And suddenly, you realize that your breasts and your feminism, your motherhood and your sexuality, your self-worth and your self-doubt, are all tucked carefully together into two 34DD cups.  They belong to you. These breasts are your history.  Your hope.  Yours to use or not use, as you desire.  Isn’t that what feminism really is?  The right to choose how you use your body?  The right to demand that your body is treated with respect and concern?  The right to decide who touches, who uses, and who has an opinion on your body?  The right to decide if you use them to feed a baby, or don’t use them to feed a baby?  The right to decide if they make you feel sexy, or if they slow you down when you run?  Your breasts belong to you.

“Here are a few pretty ones that might be a good fit” she said, as she returned with a handful of new bras.  I smiled at my reflection in the mirror, and closed the fitting room door behind her.




7 Replies to “My Breasts Belong To Me”

  1. I think the whole thing is bs, the point is missed, it’s about what’s best for the kid! This is why slot of people should not be parents, not about you it’s about the kid, what’s better for your kid breast feeding, or other methods?

    1. Well Paul, I think you just did a wonderful job of proving my point. Here we have a man chiming in to say how women should or should not use their breasts, instead of supporting a woman in her journey and listening to how SHE wants to use her body. Your judgment about who should be a parent, and what is “better” for kids, shouldn’t be used to shame people who make different choices than you do. This essay was about how women have the right to use their bodies however they want to, without anyone (men included) telling them that they are right or wrong. And the first comment here is now a man, telling women, that they are wrong. And telling women exactly how they should use their breasts. At first I was offended, but now I’m grateful. Grateful that you just made my point for me. A word to the wise? The best way to learn about other people’s experiences is to listen.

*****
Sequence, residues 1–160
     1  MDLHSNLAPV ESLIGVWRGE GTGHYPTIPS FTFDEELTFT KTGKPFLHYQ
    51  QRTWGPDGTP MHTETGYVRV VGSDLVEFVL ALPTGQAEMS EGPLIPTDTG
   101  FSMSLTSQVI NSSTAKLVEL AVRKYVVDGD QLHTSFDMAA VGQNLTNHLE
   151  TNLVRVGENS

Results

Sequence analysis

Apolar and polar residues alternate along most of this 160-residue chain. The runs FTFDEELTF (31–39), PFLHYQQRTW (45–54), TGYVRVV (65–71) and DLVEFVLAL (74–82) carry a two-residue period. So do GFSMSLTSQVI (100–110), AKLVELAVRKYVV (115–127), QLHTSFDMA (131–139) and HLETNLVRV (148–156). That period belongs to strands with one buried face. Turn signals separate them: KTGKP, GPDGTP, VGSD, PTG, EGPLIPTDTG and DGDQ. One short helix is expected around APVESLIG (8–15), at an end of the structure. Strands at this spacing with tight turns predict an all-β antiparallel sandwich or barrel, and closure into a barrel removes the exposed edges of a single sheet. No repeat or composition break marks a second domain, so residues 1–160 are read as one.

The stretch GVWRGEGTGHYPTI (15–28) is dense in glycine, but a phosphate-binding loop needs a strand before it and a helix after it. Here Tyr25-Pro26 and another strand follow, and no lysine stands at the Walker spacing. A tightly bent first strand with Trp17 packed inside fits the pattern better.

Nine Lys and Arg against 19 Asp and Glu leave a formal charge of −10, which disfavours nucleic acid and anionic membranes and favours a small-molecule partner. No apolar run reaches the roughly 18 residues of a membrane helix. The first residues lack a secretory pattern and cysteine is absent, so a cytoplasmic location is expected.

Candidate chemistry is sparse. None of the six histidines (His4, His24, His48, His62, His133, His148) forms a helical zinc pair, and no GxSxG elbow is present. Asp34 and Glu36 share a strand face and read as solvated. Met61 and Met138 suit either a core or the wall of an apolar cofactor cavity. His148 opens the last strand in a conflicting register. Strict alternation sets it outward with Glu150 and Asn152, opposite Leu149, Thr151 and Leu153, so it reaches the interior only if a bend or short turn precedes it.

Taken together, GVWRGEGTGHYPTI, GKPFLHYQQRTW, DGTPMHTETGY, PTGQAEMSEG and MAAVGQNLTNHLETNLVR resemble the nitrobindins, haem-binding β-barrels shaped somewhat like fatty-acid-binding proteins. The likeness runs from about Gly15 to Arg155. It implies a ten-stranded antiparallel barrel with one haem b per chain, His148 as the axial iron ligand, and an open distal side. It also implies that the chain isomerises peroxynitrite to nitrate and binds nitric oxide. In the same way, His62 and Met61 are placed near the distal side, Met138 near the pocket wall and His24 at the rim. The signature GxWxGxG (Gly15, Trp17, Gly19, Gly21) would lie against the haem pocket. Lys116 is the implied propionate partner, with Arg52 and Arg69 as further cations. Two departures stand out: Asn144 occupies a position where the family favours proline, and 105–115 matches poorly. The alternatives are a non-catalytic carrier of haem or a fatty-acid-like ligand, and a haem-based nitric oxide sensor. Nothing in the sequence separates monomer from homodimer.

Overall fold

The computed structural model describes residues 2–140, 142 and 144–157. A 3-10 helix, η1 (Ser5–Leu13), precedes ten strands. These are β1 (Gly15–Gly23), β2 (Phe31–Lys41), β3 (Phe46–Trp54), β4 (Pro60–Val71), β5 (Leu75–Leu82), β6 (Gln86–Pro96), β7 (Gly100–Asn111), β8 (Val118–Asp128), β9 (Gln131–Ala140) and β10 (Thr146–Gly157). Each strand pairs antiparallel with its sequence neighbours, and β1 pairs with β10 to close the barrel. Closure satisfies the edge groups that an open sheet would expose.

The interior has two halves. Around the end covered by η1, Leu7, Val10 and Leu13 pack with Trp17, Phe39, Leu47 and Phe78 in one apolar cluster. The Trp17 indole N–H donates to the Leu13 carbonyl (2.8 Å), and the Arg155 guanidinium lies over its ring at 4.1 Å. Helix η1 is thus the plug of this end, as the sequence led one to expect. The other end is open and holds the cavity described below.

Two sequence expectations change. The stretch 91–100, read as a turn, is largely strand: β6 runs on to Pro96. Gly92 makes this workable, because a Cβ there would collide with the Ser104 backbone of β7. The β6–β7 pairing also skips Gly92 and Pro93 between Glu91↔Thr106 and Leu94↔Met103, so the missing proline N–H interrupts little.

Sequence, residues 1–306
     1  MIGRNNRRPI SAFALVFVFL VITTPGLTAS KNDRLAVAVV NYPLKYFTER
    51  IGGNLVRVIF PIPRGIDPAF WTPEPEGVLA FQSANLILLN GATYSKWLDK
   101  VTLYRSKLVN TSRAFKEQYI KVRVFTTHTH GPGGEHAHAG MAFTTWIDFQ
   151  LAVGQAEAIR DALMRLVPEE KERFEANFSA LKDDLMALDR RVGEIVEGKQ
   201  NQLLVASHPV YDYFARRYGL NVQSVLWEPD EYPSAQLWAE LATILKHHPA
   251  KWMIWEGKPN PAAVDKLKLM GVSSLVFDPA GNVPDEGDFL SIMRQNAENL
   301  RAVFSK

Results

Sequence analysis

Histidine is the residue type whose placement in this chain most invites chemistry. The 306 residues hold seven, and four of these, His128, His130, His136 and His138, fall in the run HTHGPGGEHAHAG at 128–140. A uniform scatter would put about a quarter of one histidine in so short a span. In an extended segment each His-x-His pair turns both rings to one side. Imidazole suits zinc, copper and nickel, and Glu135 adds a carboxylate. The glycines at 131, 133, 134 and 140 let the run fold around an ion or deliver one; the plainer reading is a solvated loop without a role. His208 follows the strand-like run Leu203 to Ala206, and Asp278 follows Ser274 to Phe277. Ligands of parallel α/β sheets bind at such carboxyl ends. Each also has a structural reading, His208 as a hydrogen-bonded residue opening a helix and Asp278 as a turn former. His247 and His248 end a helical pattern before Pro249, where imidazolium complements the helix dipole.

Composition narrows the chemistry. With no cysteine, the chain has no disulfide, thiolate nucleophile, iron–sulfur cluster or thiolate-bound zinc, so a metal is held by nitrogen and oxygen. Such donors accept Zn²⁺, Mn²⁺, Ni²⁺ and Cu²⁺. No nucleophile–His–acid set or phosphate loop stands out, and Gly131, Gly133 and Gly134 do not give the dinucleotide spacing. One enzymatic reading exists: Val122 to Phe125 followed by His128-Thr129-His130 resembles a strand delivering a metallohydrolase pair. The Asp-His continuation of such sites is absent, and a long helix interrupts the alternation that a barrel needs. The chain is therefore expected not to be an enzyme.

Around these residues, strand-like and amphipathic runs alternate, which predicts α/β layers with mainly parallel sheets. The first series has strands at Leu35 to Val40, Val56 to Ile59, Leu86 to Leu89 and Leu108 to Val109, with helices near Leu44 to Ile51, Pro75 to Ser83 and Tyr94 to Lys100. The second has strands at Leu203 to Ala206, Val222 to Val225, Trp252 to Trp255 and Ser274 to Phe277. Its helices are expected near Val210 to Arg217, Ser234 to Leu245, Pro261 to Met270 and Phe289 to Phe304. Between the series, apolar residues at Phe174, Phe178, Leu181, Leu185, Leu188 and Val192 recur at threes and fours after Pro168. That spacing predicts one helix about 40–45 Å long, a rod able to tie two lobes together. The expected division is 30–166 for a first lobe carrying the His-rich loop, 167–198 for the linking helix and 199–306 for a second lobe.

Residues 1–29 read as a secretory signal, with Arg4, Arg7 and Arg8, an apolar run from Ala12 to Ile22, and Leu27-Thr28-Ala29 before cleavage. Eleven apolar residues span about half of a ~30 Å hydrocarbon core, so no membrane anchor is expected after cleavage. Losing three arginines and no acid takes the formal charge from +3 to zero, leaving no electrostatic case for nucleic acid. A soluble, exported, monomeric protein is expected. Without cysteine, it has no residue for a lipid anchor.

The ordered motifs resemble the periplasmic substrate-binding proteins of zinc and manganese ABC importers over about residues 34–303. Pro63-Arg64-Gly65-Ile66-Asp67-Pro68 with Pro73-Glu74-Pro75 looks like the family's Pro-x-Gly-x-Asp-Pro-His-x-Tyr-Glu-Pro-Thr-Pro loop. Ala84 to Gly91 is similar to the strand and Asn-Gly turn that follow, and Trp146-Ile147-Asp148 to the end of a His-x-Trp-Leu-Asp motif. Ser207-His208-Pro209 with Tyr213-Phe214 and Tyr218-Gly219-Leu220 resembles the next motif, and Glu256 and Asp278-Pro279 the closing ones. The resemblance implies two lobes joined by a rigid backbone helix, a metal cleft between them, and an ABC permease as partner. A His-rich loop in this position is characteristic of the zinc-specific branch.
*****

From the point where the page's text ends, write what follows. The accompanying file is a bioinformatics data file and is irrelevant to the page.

2. Wow, either Paul lacks in reading comprehension skills or abounds with chutzpah.

    Anyway, I think this is a lovely essay and a message I hope all women come to realize, hopefully before they find themselves bullied by jerks like Paul, or lactation consultants, or sanctimommies on the internet or even friends and family. I’m pretty sure people target new mothers because most of them are insecure, scared, nervous, inexperienced, etc and that makes them vulnerable to criticism.

    Why humans get a perverse pleasure out of upsetting others, I don’t know. Sometimes its easy to figure out: when its other mothers, they are often plagued by their own insecurities and put others down to build themselves up. The best defense is self-confidence and a thick skin, which unfortunately, often doesn’t come for some time, after some experience is under the belt. And once a woman realizes that she is confident and other peoples’ comments don’t bother her, she is less likely to judge other women herself. That’s what I’ve observed, anyway, from being on the internet in my almost 6 yrs of being a mother.

    As for Paul, I don’t think he wants to learn about other people’s experiences, and that’s fine. But really, he should mind his own business. To me, that’s a better rallying cry than “Let’s all support each other!” Support your loved ones. Be there for them. If they ask for help, help them, but if not mind your own business. Total strangers? Definitely mind your own business. (I feel like it was ok to offer my unsolicited opinion here, since this is a forum that leaves a space for it. Obviously, it is only a suggestion.)

  3. completely missed the point of what I was saying, I am actually a feminist.I do not care what anybody does, even abortion, but when you choose to have a kid,you have to think about what is best for the kid, simple as that not about what is best for you unless it involves your kid. Why would you argue that?

  4. First, I think this article is great, it really describes what we go thru as women. I know that I can completely relate to how she felt.
    Regarding Paul’s comment on doing what’s best for your child, thank you for stating the obvious. However it’s not that cut and dry. When you are faced with not producing enough milk, and not able to feed your child what’s best for the baby? Starvation or formula? You being a man, have absolutely no idea what that type of uncontrolled failure feels like. I am a firm believer that what is best for your child, is to have a emotionally sound and healthy Mother. If you are going thru a tough time with breast feeding and feeling like you are bad Mother because of the mom-shaming that this society inflicts on you, how can you be doing what’s best for your child?
    I think you should seriously consider all aspects of your comment. Doing what’s best for your child is not always what society wants you to do. Doing what’s best for your child is providing them with everything they need…breast milk isn’t the ONLY thing a child needs.
    Please consider all different aspects of this subject before passing judgement.
    And thanks Kim, for adding to the ever growing articles that are supportive to Mom’s out there that need to hear something other than what society pushes on us. We have to ban together to make a difference in the judgment that is passed.